In France, Mandeville reinforced these liberalistic trends with an amoralistic liberalism. Montesquieu’s lasting contribution to the movement was his doctrine of the separation of powers in the state, while Rousseau consummated the liberalistic impulse with his thesis that the people must eventually determine their own constitution. It was only Germany that seriously sought to resist the English and French liberalistic inroads into old Europe. This it did through the nationalistic writings of Fichte, Herder and Novalis. However, in Germany, even under the Second Reich, there was not a clear demarcation between the new German Idealism and the rising economic liberalism or the new socialism — which indeed represented a radical form of liberalism that would turn into Bolshevist Communism in the east. Liberalism is thus seen to be a versatile ideology that was able to accommodate itself to several different forms of state constitution — thus to absolutism, democracy, republicanism and socialist government in turn. Freemasonry, which followed in the steps of liberalism, evinced the same versatility.

The origin of the liberalistic idea of man may be traced back to the ‘humanitas’ of the Renaissance which represented a liberation of man from Christian otherworldly teleology that had forced him to rest his hopes on Faith. Gradually Reason was substituted for Faith and moralism replaced religion. This transformation was even more acutely associated with the Protestant Reformation of Luther and Calvin, Melanchthon and the educator Comenius.

Yet the resistance to the new liberalistic movements was also crystallised in Germany especially through the mystical tradition of Pietism. The monadology of Leibnitz was also a philosophical refutation of the Enlightenment principles since it was not atomistic and mechanistic like the Western empirical systems but more organic in conception. Nationalism was, besides, encouraged in Germany through the focus on the nation as a larger organic entity than the human in Fichte and Schiller and Herder. As Hancke puts it:

The centre of this circle, however, is the concrete German people and the threat it faces from the West. The resort to the inimitable uniqueness of the individual turned one folk among many into the single folk, the historical folk par excellence. The idea of humanity as an abstract universal model of man became the metaphysical justification of a German self-consciousness: This is the meaning of German humanity and its contrast to the Western ideology of humanity.

Unfortunately, however, Germany was not able to fully resist the Westernising influences:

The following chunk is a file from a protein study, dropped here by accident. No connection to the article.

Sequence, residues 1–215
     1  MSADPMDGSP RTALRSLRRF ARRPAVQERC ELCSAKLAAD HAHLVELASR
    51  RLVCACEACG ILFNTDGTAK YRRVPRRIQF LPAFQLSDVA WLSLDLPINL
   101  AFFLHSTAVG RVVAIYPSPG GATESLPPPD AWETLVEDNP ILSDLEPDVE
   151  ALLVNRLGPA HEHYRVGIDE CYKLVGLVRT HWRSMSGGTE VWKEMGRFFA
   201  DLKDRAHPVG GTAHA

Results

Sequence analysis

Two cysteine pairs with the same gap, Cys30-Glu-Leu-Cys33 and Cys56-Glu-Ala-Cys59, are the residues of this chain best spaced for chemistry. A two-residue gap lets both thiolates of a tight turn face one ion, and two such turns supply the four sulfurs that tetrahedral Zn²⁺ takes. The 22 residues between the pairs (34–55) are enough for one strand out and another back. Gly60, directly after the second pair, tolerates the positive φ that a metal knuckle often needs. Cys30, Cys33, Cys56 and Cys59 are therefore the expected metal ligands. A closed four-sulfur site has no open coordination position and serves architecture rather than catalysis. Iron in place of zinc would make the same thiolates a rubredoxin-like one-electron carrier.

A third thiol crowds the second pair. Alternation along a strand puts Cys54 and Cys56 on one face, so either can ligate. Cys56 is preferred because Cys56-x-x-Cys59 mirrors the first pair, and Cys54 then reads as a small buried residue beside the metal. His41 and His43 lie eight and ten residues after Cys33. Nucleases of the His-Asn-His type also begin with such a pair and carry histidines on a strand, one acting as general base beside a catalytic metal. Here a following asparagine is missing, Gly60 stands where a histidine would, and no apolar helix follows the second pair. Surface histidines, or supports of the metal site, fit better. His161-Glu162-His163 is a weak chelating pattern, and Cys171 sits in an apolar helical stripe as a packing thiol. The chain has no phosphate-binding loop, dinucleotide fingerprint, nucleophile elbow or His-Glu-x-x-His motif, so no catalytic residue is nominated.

The German movement’s idea of humanity was overwhelmed by the industrial levelling of Europe, by the dominant economic rationalism, by the international powers that allied themselves with the West and, as a whole, imposed a realism on the Second Reich that left no room for the German idea of ​​humanity.

It is interesting to recall that German nationalists like Fichte were also often Freemasons, but what they contributed to German philosophy and politics was distinct from the Masonic ideal of global liberalism. Thus, the philosophical and literary ‘German movement’, though ineffective through the period of the Second Reich, maintained itself in spite of Western Masonic pressures on Germany and found its fullest champion, according to Hancke, in National-Socialism, which reasserts German independence against liberalistic and Masonic universalism:

The German worldview conceives of man as the bodily-mental unity founded in race, rooted in nationality and viable only in national community, as it has always revealed itself in the genuine history of the folk. This is the National-Socialist idea of humanity.

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The Enlightenment, Deism and Freemasonry are the principal intellectual movements that ushered into Europe the universalist worldview. The Humanism of the Renaissance was transformed by these movements into a fully optimistic view of man as no longer burdened with notions of original sin. The theocratic state was also replaced by a humanitarian universalism. It is not surprising that the first proposals for an international association such as the later League of Nations and the United Nations were made by Deist thinkers of French extraction like Abbé de Saint-Pierre and his friend Marquis d’Argenson.

However, the baneful results of the Enlightenment ideology were the increasing mechanisation and mathematisation of the world as exemplified in the works of Descartes, Newton and Boyle. Hobbes’ political views were also mechanical in that he viewed the state as a huge machine. The Protestant ‘Glorious’ Revolution in England that marked the accession of King William of Orange to the English throne in 1688 fostered the works of the Puritan thinker John Locke, who is generally considered the father of liberal democracy.  Interestingly, Locke also vigorously championed ‘toleration’, even though he meant thereby the toleration of Catholics.